Texas economic expansion slows, job growth slows, exports rise in January – Corridor News


JThe Texas economy showed signs of slowing expansion in January as payroll employment growth slowed and jobless claims remained high.

Respondents to Texas business outlook surveys indicated a positive outlook. Texas exports rose in January and retail sales rose late in the year, although they remained below December 2019 levels.

A growing share of Texans said it’s hard to pay for usual household expenses, according to the Census Bureau’s latest Household Pulse Survey.


Job growth is slowing

Employment in Texas rose an unannualized 0.3% in January after climbing a downwardly revised 0.5% in December (Chart 1).

January marks the ninth consecutive month of payroll increases in the state since jobs plummeted in March and April due to the COVID-19 pandemic.

National job growth accelerated in the first two months of the year. Payroll fell at the end of the year before climbing 0.1% and 0.3% in January and February, respectively.

Job growth in Texas was strongest in the oil and gas sector, which rose an unannualized 2.3% in the first month of the year.

Employment in government and manufacturing fell 0.1% each, and education and health services were flat. All other sectors grew in January.

Unemployment insurance claims remain high

Unemployment claims in Texas have slowly recovered from their initial increase last spring, but remain more than seven times higher than their pre-pandemic level (Chart 2).

National unemployment claims are more than 10 times higher than their pre-pandemic level.

The high number of claims has persisted in part due to the availability of pandemic assistance that includes unemployment insurance outside of regular government programs, emergency unemployment compensation and extended benefits.

These programs have been extended through the first week of September with the latest COVID-19 relief bill.

Chart 2

The unemployment rate in Texas fell slightly in January, from 6.9% to 6.8%. The national rate fell to 6.3% in January before dropping to 6.2% in February.


After reporting a gloomy outlook at the start of the pandemic, respondents to Texas business outlook surveys had a net neutral to positive outlook in the second half of last year (Chart 3).

The outlook for the manufacturing sector has been above average since July 2020, while the outlook for the services sector briefly rose above the post-recession average last fall before falling more recently to subdued but positive readings. The outlook darkened for both sectors in January before picking up again in February.

The outlook for the manufacturing sector, although lower than the figures at the end of last year, is still more optimistic than it was for most of 2019. The outlook for the services sector, whose performance is more closely linked to mobility and engagement of the population, should improve as the number of vaccinations continues to increase.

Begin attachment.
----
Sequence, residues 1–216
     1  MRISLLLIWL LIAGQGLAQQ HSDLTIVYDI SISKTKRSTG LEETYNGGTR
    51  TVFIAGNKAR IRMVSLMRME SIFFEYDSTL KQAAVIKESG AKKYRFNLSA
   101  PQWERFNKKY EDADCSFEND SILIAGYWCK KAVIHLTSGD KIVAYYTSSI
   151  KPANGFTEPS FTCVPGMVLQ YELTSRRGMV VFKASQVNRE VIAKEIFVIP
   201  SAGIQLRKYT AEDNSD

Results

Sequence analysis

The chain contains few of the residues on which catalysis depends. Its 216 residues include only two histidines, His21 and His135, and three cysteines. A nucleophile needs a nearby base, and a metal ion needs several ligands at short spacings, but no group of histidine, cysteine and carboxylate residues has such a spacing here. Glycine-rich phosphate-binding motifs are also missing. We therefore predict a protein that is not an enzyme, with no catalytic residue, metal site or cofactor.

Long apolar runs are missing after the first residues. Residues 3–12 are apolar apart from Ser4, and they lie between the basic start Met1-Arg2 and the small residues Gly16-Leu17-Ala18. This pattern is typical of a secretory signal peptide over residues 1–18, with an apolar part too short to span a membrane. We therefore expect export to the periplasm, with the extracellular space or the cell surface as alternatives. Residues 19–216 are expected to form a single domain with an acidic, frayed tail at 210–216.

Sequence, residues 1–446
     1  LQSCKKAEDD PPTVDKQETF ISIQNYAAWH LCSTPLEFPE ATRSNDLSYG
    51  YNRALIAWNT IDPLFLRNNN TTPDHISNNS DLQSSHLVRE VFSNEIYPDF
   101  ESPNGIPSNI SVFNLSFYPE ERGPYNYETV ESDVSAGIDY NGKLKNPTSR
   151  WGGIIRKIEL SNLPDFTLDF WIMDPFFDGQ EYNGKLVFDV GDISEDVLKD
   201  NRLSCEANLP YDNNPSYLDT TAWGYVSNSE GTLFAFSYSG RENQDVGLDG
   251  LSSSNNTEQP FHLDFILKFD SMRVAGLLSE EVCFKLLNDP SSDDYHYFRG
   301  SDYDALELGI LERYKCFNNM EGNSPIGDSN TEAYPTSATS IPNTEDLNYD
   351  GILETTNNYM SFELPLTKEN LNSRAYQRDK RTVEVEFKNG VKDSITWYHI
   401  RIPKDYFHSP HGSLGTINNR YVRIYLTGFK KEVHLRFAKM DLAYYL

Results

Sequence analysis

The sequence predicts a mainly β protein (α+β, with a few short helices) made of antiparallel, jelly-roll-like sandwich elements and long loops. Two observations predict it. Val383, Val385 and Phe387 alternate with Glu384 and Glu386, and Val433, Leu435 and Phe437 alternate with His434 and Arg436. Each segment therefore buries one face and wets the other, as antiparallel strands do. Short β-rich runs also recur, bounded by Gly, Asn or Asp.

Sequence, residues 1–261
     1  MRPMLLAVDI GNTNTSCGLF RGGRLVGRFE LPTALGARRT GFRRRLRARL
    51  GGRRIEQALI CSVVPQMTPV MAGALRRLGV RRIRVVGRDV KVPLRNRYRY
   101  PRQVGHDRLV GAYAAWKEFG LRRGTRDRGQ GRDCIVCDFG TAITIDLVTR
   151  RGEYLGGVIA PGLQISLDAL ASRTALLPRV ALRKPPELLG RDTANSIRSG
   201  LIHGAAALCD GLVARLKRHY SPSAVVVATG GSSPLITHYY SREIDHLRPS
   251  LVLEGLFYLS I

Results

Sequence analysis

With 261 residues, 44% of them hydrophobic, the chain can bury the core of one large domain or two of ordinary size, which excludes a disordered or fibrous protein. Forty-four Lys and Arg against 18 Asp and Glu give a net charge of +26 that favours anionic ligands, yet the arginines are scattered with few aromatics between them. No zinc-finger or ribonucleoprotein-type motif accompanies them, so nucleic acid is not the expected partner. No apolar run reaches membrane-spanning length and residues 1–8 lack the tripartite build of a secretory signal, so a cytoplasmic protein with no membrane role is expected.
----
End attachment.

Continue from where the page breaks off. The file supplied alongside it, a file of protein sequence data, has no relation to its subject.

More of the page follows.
Chart 3


Texas exports have slowly recovered from last spring’s decline, picking up again in January 2021 (Chart 4). The statewide export trajectory was largely driven by manufacturing exports, which accounted for 72.8% of total exports in 2020.

Despite this steady recovery, total and manufacturing exports in January 2021 remained 13.5% and 12.9% respectively below their pre-pandemic levels in February.

Mining exports have been much more volatile and were 21.0% below their pre-pandemic levels in January 2021.

While agricultural exports saw a slight decline in the first four months of 2020, they more than doubled between that point and October.

They retreated somewhat thereafter, but climbed again in January to 66.4% above their February 2020 level.

Chart 4


Even though online sales increased in the spring of 2020, total retail sales in Texas fell from January to April as many retail businesses closed due to the pandemic response (Chart 5).

In the second half of the year, total sales recovered and were 3.5% below year-ago levels in December 2020.

Sales in December, while lower than record sales at the end of 2019, were higher than year-end sales of any previous year since the series began in 1990.

Chart 5


Texans who responded to the Household Pulse Survey have reported more difficulty than the national average paying for usual household expenses since the survey began asking this question last fall (Chart 6).

The statewide measure peaked around the end of December. In mid-February, winter storm Uri hit Texas, causing a protracted crisis that began with widespread power outages.

The share of Texans reporting difficulty paying for usual household expenses fell that week, but rose in the survey that followed two weeks later.

Chart 6


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